The Who - Monday, November 3rd - Verizon Center $120
I never thought I would see The Who in concert. When I first embraced their music as a youngster, the three surviving members had officially disbanded and were well on their way to middle agedom with all of their influential work behind them.
I was a sophomore in high school during The Kids Are Alright tour in 1989 - neither savvy enough nor in possesion of a credit card to score a ticket. I likewise missed their Quadrophenia tour in the mid 90s, and was unwilling to deal with last year's Virgin Festival.
With one foot in my own middle agedom, but with decent credit, I finally came to my senses in July of this year, vowing to see The Who before anyone else died (myself included).
I was trying to keep my expectations low for Monday night. This isn't your father's Who. Half of them are gone, so is Townshend's hair, and after watching the abysmal Rolling Stones live film, Shine a Light, the thought of a mediocre show was looming large in my mind. Jimbromski wasn't helping either. Here's a bit from an email he sent hours before the show, suggesting that Daltrey was going to choke, literally.
yeeeeeeaaaaaaaahhhhhhhhhhhhhhh we don't get fooolllleeeddd agaaaaaaiiiiinnn-COUGH-COUGH-COUGH-HACK-shoobie-doo-waa, doobie dooDaltrey can't hit the high notes anymore. But that's not what I wanted to hear anyhow. Here's how it actually went down.
Obviously the video isn't high quality, but The Who were. I think Jimbromski was just bitter that he didn't have a ticket for the show. sacklunch and I were close enough to see Townshend's windmills, and Daltrey reeling in his microphone, and it didn't cost us $200/ticket. It was a little odd (though not surprising) to find ourselves adrift in a sea of 60-year-old dudes. I half-expected my ticket would read, "Flomax presents: The Who - Nov. 3rd @ Verizon Center."
And going from smaller shows at the Black Cat to a large arena show takes some adjusting, but I was comforted to see a familiar figure occupying the same spot he takes up at the 9:30 club.
A bunch of us got together on Saturday night to watch Quadrophenia, in preparation for this show. The film was so moving, Jimbromski jumped on eBay and secured himself one of those green rain coats the Mods wore while riding their scooters.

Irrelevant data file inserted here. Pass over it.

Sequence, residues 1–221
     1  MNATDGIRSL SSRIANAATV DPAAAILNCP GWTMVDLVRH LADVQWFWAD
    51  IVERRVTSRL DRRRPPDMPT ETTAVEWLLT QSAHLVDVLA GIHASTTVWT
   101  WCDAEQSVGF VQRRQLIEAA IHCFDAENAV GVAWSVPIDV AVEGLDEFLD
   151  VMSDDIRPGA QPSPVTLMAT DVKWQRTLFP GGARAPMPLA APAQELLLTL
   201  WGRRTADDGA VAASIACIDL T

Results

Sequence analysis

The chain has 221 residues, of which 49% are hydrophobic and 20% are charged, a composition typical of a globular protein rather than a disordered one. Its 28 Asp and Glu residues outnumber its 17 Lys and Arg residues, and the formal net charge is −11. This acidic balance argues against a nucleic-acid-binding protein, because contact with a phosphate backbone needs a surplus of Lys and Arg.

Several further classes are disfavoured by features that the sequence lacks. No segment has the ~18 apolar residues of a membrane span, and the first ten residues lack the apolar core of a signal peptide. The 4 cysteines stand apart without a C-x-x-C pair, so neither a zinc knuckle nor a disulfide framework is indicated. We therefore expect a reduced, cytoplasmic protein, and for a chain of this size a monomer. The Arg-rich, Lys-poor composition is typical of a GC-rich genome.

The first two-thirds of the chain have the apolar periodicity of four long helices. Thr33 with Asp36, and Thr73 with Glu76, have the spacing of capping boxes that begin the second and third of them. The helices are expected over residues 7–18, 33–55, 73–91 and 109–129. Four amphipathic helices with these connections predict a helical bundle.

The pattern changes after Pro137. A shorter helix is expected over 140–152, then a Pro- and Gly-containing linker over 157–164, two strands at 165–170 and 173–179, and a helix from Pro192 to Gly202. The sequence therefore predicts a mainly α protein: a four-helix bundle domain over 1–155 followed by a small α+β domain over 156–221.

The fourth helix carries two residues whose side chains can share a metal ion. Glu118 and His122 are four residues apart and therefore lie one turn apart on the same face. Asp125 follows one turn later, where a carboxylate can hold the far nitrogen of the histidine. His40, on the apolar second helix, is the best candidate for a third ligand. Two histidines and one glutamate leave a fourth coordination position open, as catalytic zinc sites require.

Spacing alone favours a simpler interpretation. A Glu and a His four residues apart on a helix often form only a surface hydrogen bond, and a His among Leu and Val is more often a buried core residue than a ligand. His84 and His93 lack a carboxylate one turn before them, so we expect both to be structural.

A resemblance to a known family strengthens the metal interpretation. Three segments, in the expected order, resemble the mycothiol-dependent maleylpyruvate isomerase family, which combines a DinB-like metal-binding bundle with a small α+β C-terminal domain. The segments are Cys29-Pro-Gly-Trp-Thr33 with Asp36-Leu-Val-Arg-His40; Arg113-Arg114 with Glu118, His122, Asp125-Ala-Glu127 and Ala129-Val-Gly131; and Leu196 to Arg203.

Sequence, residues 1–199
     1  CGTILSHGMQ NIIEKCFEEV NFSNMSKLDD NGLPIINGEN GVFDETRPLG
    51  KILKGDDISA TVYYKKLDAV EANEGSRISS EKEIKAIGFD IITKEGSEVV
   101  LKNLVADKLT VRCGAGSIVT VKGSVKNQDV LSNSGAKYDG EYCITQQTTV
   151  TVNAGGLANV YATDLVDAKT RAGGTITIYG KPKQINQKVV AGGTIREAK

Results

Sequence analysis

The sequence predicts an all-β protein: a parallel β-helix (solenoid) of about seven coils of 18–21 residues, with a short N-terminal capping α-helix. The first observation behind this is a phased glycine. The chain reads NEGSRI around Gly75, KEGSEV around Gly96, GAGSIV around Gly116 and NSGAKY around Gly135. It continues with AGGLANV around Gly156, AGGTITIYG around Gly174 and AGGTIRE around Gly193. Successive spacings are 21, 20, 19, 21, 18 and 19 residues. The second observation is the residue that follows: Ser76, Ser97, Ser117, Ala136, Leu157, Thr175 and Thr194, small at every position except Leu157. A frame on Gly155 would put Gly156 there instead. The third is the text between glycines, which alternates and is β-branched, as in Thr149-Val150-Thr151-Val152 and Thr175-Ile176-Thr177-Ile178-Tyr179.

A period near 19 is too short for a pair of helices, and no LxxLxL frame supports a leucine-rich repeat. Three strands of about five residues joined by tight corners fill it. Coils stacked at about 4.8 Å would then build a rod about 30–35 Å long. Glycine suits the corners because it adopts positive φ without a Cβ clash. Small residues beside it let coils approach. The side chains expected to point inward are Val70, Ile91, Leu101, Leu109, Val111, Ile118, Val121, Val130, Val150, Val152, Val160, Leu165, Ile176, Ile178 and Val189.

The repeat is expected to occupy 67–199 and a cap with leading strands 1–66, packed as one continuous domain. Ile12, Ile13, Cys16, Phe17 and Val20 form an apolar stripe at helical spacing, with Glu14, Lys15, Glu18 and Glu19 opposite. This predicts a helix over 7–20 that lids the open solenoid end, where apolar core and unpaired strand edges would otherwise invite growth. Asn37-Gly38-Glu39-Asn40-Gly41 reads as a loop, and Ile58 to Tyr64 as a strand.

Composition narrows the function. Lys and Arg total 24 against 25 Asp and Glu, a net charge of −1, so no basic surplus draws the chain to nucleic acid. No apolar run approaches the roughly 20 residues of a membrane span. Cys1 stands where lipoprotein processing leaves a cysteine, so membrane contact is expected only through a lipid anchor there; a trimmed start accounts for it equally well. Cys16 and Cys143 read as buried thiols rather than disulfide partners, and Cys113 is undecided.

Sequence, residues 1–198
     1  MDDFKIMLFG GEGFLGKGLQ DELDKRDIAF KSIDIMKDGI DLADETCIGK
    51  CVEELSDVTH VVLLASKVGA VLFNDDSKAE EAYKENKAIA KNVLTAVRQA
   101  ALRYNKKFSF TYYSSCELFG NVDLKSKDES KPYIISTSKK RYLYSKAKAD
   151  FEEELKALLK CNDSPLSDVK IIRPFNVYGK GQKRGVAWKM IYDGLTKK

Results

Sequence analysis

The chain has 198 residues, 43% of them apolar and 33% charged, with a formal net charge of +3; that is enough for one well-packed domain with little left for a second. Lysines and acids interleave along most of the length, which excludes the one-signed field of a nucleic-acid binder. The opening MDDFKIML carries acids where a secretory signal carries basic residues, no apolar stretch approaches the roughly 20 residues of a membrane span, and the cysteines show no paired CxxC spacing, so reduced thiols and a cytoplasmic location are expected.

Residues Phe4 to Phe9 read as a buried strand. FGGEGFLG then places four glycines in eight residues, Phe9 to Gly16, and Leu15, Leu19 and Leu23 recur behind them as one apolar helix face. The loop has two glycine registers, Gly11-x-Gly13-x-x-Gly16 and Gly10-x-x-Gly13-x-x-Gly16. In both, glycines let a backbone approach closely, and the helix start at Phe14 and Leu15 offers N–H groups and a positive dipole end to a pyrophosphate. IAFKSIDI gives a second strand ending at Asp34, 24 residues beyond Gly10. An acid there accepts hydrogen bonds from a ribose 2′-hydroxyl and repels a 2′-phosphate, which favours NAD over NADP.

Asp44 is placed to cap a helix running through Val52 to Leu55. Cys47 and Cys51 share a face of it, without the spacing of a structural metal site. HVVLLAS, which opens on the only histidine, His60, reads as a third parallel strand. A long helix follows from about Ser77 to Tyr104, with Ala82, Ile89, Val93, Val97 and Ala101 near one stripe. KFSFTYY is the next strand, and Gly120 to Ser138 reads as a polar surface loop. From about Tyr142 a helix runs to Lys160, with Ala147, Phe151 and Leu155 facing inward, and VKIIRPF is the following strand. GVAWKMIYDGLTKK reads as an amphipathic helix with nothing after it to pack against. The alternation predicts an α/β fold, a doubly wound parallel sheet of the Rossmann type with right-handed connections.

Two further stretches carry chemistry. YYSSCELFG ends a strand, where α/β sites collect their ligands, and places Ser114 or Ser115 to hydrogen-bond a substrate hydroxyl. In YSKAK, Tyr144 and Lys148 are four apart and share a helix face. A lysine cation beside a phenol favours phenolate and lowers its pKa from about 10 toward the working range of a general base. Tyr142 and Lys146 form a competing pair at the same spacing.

Duh-cut took in a bit of the film with us and reminded me of his ingenius plan for the ultimate nostalgia super group. His idea: take Paul McCartney, Pete Townshend, Roger Daltrey, and Ringo Starr, put them together on tour (you have a bassist, a guitarist, a singer, and a drummer - a complete band), and they just happen to be the remaining members of the Beatles and The Who. They can play songs from both catalogs, or even combine the two in some cases (Won't Get Fooled on The Hill Again; Who Do You Love Me Do; Getting Better, You Better, You Bet; etc). It really is genius.
I was particularly excited to hear The Who play The Seeker. And they played it second. Yeah! Alright! ... Okay.... That was quick. No matter, they kept the hits coming, and I couldn't have been more excited.
Here's the set list as far as I could decipher:
- Can't Explain
- The Seeker
- Relay - (both sacklunch and I were expecting this to morph into Eminence Front. it didn't)
- Who Are You
- Behind Blue Eyes
- Real Good Looking Boy
- Sister Disco
- Baba O'Riley
- Getting In Tune
- Eminence Front
- 5:15 (I thought I smelled pot during this one. Noteworthy for the crowd and venue.)
- Love, Reign O'er Me
- Won't Get Fooled Again
- My Generation
- ?? (bathroom break - I heard a guy puking in a stall behind me - arena rock inspires vomiting)
- Naked Eye
- Pinball Wizard
- See Me, Feel Me
- Tea and Theatre
Wow. I'm all worked up now. It's been quite a week. Monday: The Who. Tuesday: Oback Barama.
Where am I and what year is it again?